“Why I Am a Unitarian Universalist” – A Lay Service – November 4, 2012

First Lay Speaker –  Molly Day

I have been coming to First Parish ever since I can remember.  And honestly, I can’t imagine growing up in any other religious community.

I went through the religious education program here and although I don’t remember much about it specifically, it helped me garner a well rounded education of not just my religion, but others, and the values that are important to me now.

From watching the Simpsons to taking the OWL course, saying the program is not a normal RE program seems like kind of an understatement.  I always resented having to wake up and go do things on Sunday mornings, but looking back, it was a valuable experience for me.  I mean, it beats learning extensively about something I don’t necessarily believe in.  And I made so many memories! Like being Clara Barton in the Christmas pageant, or helping write it, or this one time in OWL…

Maybe I’ll save that for another time.

I didn’t grow up learning that there is only one true religion, I didn’t grow up learning being gay is a sin, or that whether or not you get eternal happiness is whether or not you do a, b, and c on a daily basis, and I am grateful for that.  I am not saying that gratefulness is true for everyone, im not saying that other religions are inferior, it is just the best choice for me.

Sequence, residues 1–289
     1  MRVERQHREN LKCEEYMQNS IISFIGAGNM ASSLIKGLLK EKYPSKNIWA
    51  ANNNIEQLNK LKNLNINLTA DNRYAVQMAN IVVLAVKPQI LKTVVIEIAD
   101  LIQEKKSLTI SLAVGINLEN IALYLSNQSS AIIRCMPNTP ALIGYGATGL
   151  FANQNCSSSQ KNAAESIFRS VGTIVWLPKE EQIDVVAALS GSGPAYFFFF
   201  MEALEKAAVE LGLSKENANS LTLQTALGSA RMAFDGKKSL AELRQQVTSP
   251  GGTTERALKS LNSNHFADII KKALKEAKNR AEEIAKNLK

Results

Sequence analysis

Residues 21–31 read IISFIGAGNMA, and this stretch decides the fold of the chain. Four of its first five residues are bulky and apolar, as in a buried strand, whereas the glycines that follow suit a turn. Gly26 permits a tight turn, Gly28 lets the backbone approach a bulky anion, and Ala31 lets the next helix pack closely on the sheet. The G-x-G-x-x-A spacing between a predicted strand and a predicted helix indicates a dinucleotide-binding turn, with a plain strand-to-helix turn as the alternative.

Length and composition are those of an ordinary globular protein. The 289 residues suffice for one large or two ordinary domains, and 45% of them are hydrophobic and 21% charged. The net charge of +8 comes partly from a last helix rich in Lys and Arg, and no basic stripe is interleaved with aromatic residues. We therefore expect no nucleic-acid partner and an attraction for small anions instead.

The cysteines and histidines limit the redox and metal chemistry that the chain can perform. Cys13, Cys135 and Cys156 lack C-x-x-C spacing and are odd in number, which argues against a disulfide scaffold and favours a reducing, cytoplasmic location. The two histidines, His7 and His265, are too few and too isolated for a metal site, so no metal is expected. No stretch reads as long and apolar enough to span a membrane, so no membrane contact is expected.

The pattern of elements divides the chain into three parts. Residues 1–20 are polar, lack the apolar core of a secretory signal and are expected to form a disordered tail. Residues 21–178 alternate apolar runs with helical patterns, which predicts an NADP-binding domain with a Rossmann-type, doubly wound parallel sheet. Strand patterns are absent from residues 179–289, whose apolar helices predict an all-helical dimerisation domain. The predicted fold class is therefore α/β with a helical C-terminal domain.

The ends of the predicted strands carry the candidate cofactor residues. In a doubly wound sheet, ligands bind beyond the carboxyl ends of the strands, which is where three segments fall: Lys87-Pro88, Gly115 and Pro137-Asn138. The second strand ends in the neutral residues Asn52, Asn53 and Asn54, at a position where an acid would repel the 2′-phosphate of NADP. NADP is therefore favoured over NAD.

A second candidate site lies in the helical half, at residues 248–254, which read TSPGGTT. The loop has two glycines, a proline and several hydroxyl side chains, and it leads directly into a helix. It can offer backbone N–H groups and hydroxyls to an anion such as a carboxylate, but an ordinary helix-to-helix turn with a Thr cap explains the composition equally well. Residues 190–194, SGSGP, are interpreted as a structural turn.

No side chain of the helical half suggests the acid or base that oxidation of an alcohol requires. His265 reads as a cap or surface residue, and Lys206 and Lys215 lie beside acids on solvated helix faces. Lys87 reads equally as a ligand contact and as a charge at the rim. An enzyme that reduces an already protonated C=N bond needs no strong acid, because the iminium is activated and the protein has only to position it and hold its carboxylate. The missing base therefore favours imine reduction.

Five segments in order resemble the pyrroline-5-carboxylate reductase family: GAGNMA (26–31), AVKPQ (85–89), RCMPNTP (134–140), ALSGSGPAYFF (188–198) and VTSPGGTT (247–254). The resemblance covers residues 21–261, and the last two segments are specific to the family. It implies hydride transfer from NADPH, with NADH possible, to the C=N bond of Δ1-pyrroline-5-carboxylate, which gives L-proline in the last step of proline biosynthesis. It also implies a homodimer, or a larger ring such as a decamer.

I’m sure I’d be the same person if I didn’t grow up in this community, but getting to where I am today would have been a lot longer and harder process.  Being UU has not only exposed me to amazing friends and experiences, as well as delicious food, but it also helped me develop a better understanding of others and I guess even myself.

Believe me, trying to explain to my friends what being UU actually is is HARD.  Is not a very strict religion, and it doesn’t have a strict set of beliefs I can easily recite.  I usually simplify it into “well you can kind of believe what you want, its more about peace and love and doing the right thing?”  I guess that’s my interpretation of it.  Then try to say the affirmation and doxology, because they explain it better than I ever could.

I don’t know all the UU principles, I don’t come to church every Sunday, but I do know that becoming UU was the best choice my parents ever made for me.  Besides having me and my sister.  And marrying.